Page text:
The Big Mac Blog

Baylor has its “Duke lacrosse” comparison but it does not change the story

More victims of assault and rape by members of the Baylor football team have come forward in the past week.
More victims of assault and rape by members of the Baylor football team have come forward in the past week. AP

The high-fiving you hear coming from the much beleaguered Baylor fans is that the inevitable has finally happened - one of the victims who has come forward has a story that is unraveling quickly.

And just as alleged victim Dolores Lozano’s claims are being discredited by her own previous actions, another victim came forward on Wednesday night with a far more troubling story.

According to a report by KCENTV in Waco, a Baylor senior claimed she was raped in 2014 by a member of the Baylor football team; click here for the full report.

The alleged victim, named “Ally”, told KCEN, “I agreed to kiss him, I didn’t think that from that it would escalate to him being on top of me and completely disregarding anything that was coming out of my mouth.”

Per KCEN reporter Rissa Shaw, “Ally” has not reported the name of her attacker, but that he is currently on the team.

Ally’s story is troubling whereas the details of Delores Lozano’s are equally so for an entirely different reason.

For the first time since this story broke last August, the Baylor Rape Scandal has some similarities to the infamous Duke Lacrosse case of 2006.

That example embodied irrational, mob judgment and public prosecution long before actual due process exposed the whole thing.

The Baylor case has been multiple examples of incidents, most of which are several years old, that were not revealed in greater detail until August of 2015. The news was late to this case whereas the Duke example was one of immediate reaction. And there is no District Attorney blindly attacking the case despite mounting evidence to drop it the way Michael Nifong did.

The Baylor story did not really “pop” until Paula Lavigne’s report on ESPN’s Outside the Lines of former Baylor defensive end Tevin Elliott back in January.

The repeated examples of mismanaged, or ignored, cases were enough to warrant Baylor’s firing of head football coach Art Briles.

It was only a matter of time before a victim came forward whose story looked more like a money grab than one of ignored tragedy.

Since an attorney talked with veteran college football reporter Joe Schad with his client’s claim of being assaulted by former Baylor running back Devin Chafin in 2014, her credibility has come into question. She has filed a lawsuit against Baylor.

The initial claim by former Baylor student Dolores Lozano was that she was physically assaulted by Chafin, and coach Briles, assistant Jeff Lebby and a Baylor chaplain knew about the incidents.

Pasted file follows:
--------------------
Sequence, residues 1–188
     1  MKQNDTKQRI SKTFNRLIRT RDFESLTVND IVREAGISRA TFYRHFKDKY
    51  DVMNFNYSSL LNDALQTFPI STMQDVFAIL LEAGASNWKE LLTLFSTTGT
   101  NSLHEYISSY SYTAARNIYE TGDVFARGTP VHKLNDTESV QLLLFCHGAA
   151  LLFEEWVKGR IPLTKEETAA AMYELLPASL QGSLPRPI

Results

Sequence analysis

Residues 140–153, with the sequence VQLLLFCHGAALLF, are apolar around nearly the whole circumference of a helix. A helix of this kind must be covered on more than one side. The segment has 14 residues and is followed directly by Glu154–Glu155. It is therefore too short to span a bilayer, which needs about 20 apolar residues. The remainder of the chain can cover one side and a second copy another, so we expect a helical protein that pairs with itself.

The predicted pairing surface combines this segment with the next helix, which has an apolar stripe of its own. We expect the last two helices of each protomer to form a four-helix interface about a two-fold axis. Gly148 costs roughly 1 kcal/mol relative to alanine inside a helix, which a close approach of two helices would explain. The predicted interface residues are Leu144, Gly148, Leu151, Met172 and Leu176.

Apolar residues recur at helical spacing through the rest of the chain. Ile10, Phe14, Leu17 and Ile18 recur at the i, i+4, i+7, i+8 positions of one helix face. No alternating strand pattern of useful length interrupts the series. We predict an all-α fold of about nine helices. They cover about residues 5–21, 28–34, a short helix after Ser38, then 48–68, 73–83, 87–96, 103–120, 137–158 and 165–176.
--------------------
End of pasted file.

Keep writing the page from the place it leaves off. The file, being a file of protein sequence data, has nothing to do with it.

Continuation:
Lebby, who is Briles’ son-in-law, has remained on staff along with all but two of the assistant coaches from last season.

Attempts to reach her attorney were not successful.

As I wrote two days when the story broke, acting head coach Jim Grobe will be dealing with these types of potential scenarios as long as the staffers from the Briles’ regime remain at Baylor. Right or wrong, the presumption will be that the staffers knew of the assaults and did not do enough.

The only way to cut that part of this story out is to fire them all - that way no one on the Baylor sidelines has any attachment to this saga. Given the timing, practice is less than two months away, that is not likely to happen.

What is likely to happen is the details of Lozano’s story and her claims will be held as an example of how Baylor has been wronged in this whole situation, and undo her lawsuit.

Chafin admitted to Joe Schad he did put his hands on Lozano but refuted any claims of abuse. She did not initially cooperate with Waco police, and it appears that Lozano continued a dialogue with Lebby after the incident in an effort to land a job within the Baylor athletic department.

Waco TV station KWTX reported that one year after the alleged incident, Lozano wrote a letter to Lebby asking for a recommendation for a BU job.

There is also a story floating that she once wrote a story for an ESPN radio station condemning the claims made by a former University of Tennessee female athletic trainer who accused former Vols quarterback Peyton Manning of sexual assault.

None of it says “victim.” It reeks of “opportunist.” It all successfully creates the cloud of suspicion necessary to dismiss Lozano’s claims outright.

She may have been assaulted, but why did she not report it? Why did she ask Jeff Lebby for a job?

So far it is one example of what so many feared would happen - lawyers would start lining up at McLane Stadium looking for a check.

There are going to be those examples which undermine the others and their attempt to find actual closure.

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